In bes.conf set the following:


Also in bes.conf set the following if using Hyrax (usually the case)


By default, the RootDirectory parameters are set to point to the test data supplied with the data handlers.

Next configure the mapping between data source names and data handlers. This is usually taken care of already for you, so you probably won't have to set this parameter. Each data handler module (netcdf, hdf4, hdf5, freeform, etc...) will have this set depending on the extension of the data files for the data.

For example, in nc.conf, for the netcdf data handler module, you'll find the line:


When the BES is asked to perform some commands on a particular data source, it uses regular expressions to figure out which data handler should be used to carry out the commands. The value of the BES.Catalog.catalog.TypeMatch parameter holds the set of regular expressions. The value of this parameter is a list of handlers and expressions in the form handler:expression;. Note that these regular expressions are like those used by grep on Unix and it's somewhat cryptic, but once you see the pattern, it's not that bad. Below, the TypeMatch parameter is being told that any data source with a name that ends in .nc should be handled by the nc (netcdf) handler (see BES.module.nc above), any file with a .hdf, .HDF or .eos suffix should be processed using the HDF4 handler (note that case matters) and that data sources ending in .dat should use the FreeForm handler.

Here's the one for the hdf4 data handler module:


And for the FreeForm handler:


If you fail to configure this correctly, the BES will return error messages stating that the type information has to be provided. However, it won't tell you this when it starts, only when the OLFS (or some other software) actually makes a data request. This is because it's possible to use BES commands in place of these regular expressions, although the Hyrax won't.

10 Including and Excluding files and directories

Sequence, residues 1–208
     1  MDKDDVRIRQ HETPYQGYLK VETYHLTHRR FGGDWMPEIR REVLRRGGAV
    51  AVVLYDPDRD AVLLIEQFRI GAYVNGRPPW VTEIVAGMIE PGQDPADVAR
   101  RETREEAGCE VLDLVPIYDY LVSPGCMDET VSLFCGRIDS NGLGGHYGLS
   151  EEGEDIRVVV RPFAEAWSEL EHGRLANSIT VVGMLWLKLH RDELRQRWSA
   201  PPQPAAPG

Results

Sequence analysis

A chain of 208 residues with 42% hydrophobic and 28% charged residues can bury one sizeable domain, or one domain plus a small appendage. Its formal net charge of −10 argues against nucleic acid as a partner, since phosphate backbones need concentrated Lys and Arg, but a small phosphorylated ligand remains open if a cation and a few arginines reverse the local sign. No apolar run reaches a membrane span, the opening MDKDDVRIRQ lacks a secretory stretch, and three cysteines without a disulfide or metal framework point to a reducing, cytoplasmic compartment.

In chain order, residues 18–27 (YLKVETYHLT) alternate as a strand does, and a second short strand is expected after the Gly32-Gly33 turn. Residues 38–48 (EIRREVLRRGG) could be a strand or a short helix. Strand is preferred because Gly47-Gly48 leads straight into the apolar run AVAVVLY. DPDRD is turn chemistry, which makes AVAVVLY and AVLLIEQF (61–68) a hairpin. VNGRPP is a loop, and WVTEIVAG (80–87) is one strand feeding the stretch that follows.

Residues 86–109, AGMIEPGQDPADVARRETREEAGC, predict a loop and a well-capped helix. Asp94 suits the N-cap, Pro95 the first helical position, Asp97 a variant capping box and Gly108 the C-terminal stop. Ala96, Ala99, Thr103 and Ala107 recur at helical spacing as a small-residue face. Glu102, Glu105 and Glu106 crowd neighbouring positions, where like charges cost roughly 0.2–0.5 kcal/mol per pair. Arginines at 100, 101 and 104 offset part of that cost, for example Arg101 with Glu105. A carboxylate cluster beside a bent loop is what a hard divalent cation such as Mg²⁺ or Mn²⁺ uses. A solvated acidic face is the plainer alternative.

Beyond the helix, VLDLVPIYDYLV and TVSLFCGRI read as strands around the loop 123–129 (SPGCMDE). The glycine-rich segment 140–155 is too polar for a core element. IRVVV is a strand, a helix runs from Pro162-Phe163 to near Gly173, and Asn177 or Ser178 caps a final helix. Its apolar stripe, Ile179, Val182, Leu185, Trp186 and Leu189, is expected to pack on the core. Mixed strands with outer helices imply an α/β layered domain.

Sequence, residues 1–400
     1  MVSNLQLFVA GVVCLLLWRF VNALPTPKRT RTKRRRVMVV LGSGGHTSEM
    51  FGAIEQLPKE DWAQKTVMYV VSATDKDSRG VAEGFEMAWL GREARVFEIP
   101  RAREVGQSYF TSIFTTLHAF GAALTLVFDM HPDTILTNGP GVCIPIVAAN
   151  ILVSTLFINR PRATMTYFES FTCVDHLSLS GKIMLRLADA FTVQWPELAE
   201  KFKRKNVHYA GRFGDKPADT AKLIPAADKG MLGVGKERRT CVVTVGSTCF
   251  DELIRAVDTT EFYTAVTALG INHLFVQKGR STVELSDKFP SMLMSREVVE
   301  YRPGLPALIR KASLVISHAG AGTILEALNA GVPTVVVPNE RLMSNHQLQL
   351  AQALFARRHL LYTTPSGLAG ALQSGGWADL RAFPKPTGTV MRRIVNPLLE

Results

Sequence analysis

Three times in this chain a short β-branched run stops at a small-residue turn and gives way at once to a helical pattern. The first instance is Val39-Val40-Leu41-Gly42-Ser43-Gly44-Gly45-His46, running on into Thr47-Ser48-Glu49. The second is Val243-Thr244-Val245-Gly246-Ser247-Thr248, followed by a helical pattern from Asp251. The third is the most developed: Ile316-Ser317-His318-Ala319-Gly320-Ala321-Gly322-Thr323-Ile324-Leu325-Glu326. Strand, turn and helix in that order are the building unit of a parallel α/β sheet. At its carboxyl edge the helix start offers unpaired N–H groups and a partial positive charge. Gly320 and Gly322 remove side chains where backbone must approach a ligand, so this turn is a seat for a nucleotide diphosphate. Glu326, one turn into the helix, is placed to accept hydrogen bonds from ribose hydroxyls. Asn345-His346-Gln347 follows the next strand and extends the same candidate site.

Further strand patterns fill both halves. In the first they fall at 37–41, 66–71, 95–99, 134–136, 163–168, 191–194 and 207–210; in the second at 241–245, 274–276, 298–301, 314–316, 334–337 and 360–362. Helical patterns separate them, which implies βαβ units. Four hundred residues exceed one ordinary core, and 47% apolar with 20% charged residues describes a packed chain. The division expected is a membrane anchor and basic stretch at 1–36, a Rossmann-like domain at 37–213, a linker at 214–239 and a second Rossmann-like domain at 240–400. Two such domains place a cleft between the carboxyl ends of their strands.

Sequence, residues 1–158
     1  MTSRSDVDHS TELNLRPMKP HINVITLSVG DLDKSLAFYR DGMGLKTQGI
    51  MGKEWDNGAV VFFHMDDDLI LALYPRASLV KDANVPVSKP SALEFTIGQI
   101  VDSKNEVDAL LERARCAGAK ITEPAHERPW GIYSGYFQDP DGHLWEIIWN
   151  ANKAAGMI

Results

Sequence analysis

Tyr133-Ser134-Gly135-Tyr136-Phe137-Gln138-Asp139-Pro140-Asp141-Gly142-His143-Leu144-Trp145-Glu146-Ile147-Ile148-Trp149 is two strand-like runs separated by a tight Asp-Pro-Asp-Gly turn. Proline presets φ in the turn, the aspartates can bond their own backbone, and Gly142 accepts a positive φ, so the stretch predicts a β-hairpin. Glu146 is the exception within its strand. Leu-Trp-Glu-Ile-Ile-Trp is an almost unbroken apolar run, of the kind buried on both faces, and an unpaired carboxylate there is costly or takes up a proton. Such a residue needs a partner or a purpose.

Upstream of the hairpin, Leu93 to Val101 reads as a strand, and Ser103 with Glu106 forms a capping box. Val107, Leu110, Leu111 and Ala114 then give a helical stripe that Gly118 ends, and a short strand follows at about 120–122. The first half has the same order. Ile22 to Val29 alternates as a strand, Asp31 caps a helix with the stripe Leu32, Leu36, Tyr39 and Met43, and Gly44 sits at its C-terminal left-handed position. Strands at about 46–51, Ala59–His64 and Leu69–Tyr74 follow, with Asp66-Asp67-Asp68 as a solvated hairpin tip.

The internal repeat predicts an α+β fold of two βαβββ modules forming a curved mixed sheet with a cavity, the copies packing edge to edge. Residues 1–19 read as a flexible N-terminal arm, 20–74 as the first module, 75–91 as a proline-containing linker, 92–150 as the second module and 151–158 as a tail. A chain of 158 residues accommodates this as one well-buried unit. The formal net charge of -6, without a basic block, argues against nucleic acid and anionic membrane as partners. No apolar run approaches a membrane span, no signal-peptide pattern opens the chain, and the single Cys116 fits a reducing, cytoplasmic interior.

Finally, you can configure the types of information that the BES sends back when a client requests catalog information. The Include and Exclude parameters provide this mechanism, also using a list of regular expressions (with each element of the list separated by a semicolon). In the example below, files that begin with a dot are excluded. These parameters are set in the dap.conf configuration file.

The Include expressions are applied to the node first, followed by the Exclude expressions. For collections of nodes, only the Exclude expressions are applied.


11 Symbolic Links

If you would like for symbolic links to be followed when retrieving data and for viewing catalog entries, then you need to set the following two parameters. The BES.FollowSymLinks parameter is for non-catalog containers and is used in conjunction with the BES.RootDirectory parameter above. It is NOT a general setting. The BES.Catalog.catalog.FollowSymLinks is for catalog requests and data containers in the catalog and is used in conjunction with the BES.Catalog.catalog.RootDirectory parameter above. The default is set to No in the installed configuration file. To allow for symbolic links to be followed you need to set this to Yes.

The following is set in the bes.conf file:


And this one is set in the dap.conf file in the modules directory:


12 Parameters for Specific Handlers

Parameters for specific modules can be added to the BES configuration file for that specific module. No module-specific parameters should be added to bes.conf.

13 Sample Installation and Configuration

Sample Installations Page shows how to download, build, install and configure for some sample installations.